18. Hindson, B.J. et al. High-throughput droplet digital PCR system for absolute quantitation of DNA copy number. Anal. Chem. 83, 8604–8610 (2011).

    CAS  Article  Google Scholar 

  19. Tishkoff, S.A. et al. Convergent adaptation of human lactase persistence in Africa and Europe. Nat. Genet. 39, 31–40 (2007).

    CAS  Article  Google Scholar 

  20. Genovese, G. et al. Association of trypanolytic ApoL1 variants with kidney disease in African Americans. Science 329, 841–845 (2010).

    CAS  Article  Google Scholar 

  21. Yu, L., Song, Y. & Wharton, R.P. E(nos)/CG4699 required for nanos function in the female germ line of Drosophila. Genesis 48, 161–170 (2010).

    CAS  Article  Google Scholar 

  22. Smith, E.R. et al. A human protein complex homologous to the Drosophila MSL complex is responsible for the majority of histone H4 acetylation at lysine 16. Mol. Cell. Biol. 25, 9175–9188 (2005).

    CAS  Article  Google Scholar 

  23. Li, X., Wu, L., Corsa, C.A., Kunkel, S. & Dou, Y. Two mammalian MOF complexes regulate transcription activation by distinct mechanisms. Mol. Cell 36, 290–301 (2009).

    CAS  Article  Google Scholar 

  24. Sharp, A.J. et al. Segmental duplications and copy-number variation in the human genome. Am. J. Hum. Genet. 77, 78–88 (2005).

    CAS  Article  Google Scholar 

  25. Redon, R. et al. Global variation in copy number in the human genome. Nature 444, 444–454 (2006).

    CAS  Article  Google Scholar 

  26. Browning, S.R. Missing data imputation and haplotype phase inference for genome-wide association studies. Hum. Genet. 124, 439–450 (2008).

    CAS  Article  Google Scholar 

  27. Li, Y., Willer, C., Sanna, S. & Abecasis, G. Genotype imputation. Annu. Rev. Genomics Hum. Genet. 10, 387–406 (2009).

    CAS  Article  Google Scholar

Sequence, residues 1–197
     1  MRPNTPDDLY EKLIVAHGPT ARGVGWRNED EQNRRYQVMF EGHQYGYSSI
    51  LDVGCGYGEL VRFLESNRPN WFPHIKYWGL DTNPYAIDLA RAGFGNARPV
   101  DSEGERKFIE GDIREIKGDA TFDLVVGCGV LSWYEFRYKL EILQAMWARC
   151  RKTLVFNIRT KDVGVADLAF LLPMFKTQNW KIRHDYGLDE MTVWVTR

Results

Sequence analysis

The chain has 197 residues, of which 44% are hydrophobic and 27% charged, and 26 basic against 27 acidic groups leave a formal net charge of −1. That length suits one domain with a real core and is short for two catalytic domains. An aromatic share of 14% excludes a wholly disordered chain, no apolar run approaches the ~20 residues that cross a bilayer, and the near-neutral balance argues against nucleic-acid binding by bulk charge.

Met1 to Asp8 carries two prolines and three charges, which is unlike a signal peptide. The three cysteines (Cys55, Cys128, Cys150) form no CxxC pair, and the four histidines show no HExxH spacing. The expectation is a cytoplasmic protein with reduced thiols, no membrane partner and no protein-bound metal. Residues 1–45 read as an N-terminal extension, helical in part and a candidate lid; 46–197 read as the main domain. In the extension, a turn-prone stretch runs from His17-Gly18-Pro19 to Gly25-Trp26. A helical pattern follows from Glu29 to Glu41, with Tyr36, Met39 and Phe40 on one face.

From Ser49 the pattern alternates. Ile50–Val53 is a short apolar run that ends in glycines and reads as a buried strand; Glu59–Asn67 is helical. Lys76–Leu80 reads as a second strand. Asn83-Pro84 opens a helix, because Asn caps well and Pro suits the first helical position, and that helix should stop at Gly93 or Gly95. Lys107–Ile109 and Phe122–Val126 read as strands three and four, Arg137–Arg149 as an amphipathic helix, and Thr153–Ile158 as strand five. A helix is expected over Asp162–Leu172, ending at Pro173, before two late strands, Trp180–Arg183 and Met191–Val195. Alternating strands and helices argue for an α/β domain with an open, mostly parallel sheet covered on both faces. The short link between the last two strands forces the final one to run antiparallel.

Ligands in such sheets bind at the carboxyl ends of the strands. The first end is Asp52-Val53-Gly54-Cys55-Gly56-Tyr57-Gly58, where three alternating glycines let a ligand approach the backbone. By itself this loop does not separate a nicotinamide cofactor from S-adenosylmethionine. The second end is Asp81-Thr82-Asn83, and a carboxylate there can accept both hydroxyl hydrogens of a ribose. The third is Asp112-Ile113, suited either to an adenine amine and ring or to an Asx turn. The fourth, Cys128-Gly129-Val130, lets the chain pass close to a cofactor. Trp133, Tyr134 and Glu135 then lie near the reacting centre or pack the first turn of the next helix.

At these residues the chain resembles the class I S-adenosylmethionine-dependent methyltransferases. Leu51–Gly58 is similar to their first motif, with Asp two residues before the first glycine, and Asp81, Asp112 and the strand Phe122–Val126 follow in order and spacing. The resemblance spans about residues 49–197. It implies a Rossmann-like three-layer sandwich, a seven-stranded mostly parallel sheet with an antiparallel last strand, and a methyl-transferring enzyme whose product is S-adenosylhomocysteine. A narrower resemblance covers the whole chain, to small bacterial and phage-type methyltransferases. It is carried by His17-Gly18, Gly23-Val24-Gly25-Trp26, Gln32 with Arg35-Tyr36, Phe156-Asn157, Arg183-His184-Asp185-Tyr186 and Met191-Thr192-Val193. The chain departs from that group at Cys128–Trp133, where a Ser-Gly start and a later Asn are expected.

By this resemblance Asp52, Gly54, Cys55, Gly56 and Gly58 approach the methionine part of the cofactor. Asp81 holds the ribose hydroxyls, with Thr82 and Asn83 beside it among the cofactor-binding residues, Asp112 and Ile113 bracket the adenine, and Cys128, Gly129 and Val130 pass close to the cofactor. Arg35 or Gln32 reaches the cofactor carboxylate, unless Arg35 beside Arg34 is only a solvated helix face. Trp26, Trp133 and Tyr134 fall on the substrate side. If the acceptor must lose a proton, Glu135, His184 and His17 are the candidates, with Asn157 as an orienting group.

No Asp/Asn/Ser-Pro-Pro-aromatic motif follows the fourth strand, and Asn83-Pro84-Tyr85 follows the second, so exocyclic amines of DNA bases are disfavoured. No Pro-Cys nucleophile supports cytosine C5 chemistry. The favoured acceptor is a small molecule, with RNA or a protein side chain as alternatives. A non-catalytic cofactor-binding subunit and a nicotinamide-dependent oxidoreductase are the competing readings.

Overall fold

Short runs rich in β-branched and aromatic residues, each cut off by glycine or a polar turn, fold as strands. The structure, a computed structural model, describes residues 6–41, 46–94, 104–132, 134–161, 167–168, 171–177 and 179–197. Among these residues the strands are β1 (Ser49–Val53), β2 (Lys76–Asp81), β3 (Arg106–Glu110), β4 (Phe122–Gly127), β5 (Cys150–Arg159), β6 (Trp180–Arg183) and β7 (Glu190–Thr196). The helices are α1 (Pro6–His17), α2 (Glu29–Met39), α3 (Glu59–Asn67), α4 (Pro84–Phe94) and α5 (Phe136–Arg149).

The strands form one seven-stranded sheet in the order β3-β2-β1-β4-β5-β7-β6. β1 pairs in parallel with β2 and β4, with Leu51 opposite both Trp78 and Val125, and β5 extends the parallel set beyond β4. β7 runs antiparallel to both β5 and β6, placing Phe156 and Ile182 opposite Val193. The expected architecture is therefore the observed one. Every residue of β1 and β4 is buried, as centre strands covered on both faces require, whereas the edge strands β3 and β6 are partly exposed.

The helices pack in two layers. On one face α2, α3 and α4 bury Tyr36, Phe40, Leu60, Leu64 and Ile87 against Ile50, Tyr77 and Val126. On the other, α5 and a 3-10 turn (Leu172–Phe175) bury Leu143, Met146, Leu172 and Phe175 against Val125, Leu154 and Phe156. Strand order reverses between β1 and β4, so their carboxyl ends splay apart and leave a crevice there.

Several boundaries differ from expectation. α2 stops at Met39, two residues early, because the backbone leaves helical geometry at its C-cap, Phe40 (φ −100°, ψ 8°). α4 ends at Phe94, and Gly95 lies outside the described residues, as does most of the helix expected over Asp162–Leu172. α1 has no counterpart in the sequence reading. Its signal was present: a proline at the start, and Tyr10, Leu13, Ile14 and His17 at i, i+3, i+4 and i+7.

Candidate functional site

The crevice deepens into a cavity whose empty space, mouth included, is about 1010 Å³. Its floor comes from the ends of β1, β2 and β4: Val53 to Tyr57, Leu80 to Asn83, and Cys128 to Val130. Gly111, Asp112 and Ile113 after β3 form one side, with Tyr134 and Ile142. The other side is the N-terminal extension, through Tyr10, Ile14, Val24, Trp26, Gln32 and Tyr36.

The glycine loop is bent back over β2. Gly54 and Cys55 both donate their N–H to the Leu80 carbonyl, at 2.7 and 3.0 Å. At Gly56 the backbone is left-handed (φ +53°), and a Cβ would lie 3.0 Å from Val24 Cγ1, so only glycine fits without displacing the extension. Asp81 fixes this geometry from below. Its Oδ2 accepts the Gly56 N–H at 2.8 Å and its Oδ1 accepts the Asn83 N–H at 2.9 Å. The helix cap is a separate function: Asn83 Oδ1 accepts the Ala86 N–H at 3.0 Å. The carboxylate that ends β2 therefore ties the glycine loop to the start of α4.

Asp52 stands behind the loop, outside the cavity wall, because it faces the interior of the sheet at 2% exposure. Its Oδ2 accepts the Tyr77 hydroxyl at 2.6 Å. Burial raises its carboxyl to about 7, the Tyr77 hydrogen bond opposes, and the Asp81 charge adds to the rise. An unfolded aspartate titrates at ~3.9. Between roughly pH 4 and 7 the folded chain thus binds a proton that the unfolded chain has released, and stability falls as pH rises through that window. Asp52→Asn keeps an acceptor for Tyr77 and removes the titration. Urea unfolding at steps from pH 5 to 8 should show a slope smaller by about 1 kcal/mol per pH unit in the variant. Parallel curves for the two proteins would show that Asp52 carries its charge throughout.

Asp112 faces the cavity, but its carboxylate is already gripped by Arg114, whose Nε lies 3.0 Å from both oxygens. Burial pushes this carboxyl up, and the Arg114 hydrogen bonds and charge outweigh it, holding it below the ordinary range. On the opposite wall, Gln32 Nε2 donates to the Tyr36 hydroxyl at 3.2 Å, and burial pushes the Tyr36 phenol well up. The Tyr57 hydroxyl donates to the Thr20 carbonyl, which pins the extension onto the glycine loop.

28. Marchini, J. & Howie, B. Genotype imputation for genome-wide association studies. Nat. Rev. Genet. 11, 499–511 (2010).

    CAS  Article  Google Scholar 

  29. Browning, B.L. & Browning, S.R. A unified approach to genotype imputation and haplotype-phase inference for large data sets of trios and unrelated individuals. Am. J. Hum. Genet. 84, 210–223 (2009).

    CAS  Article  Google Scholar 

  30. Steinberg, K.M. et al. Structural diversity and African origin of the 17q21.31 inversion polymorphism. Nat. Genet. published online: doi:10.1038/ng.2335 (1 July 2012).

    CAS  Article  Google Scholar 

  31. Montgomery, S.B. et al. Transcriptome genetics using second generation sequencing in a Caucasian population. Nature 464, 773–777 (2010).

    CAS  Article  Google Scholar 

Download references


J. Korn provided an early version of software for visualizing haplotype diversity. N. Rohland and T. Mullen contributed expertise on laboratory experiments. We thank N. Patterson, D. Reich, D. Altshuler, E. Lander, B. Browning, J. Korn, J. Gray, C. Patil, G. Genovese, A. Sekar and S. Grossman for helpful conversations and/or comments on the manuscript. This work was supported by a Smith Family Award for Excellence in Biomedical Research to S.A.M., by the National Human Genome Research Institute (U01HG005208) and by startup resources from the Harvard Medical School Department of Genetics.

Author information

Authors and Affiliations



S.A.M., L.M.B. and R.E.H. conceived the strategy for population genetics dissection of structurally complex loci. L.M.B. performed all laboratory experiments and multiple computational analyses, including the estimation of haplotype frequencies, delineation of CNV regions and alignment of next-generation sequence data. R.E.H. performed computational analyses of the 1000 Genomes Project data, including finding breakpoint-spanning reads for CNVs and integrated analyses of SNP-CNV haplotypes. M.C.Z. performed analyses of sequence data to determine large-scale structures, estimate coalescence and mutation dates and reconstruct the evolutionary history of the locus. R.E.H. and L.M.B. developed the imputation strategy. S.A.M., L.M.B., R.E.H. and M.C.Z. wrote the manuscript.

Corresponding author

Correspondence to Steven A McCarroll.

Ethics declarations

Competing interests

The authors declare no competing financial interests.

Supplementary information

Supplementary Text and Figures

Supplementary Note, Supplementary Tables 1–17 and Supplementary Figures 1–8 (PDF 3406 kb)

Rights and permissions

Reprints and Permissions

About this article

Cite this article

Boettger, L., Handsaker, R., Zody, M. et al. Structural haplotypes and recent evolution of the human 17q21.31 region. Nat Genet 44, 881–885 (2012).

Download citation

  • Received:

  • Accepted:

  • Published:

  • Issue Date:

  • DOI:

Further reading


Quick links

Nature Briefing

Sign up for the Nature Briefing newsletter — what matters in science, free to your inbox daily.

Get the most important science stories of the day, free in your inbox. Sign up for Nature Briefing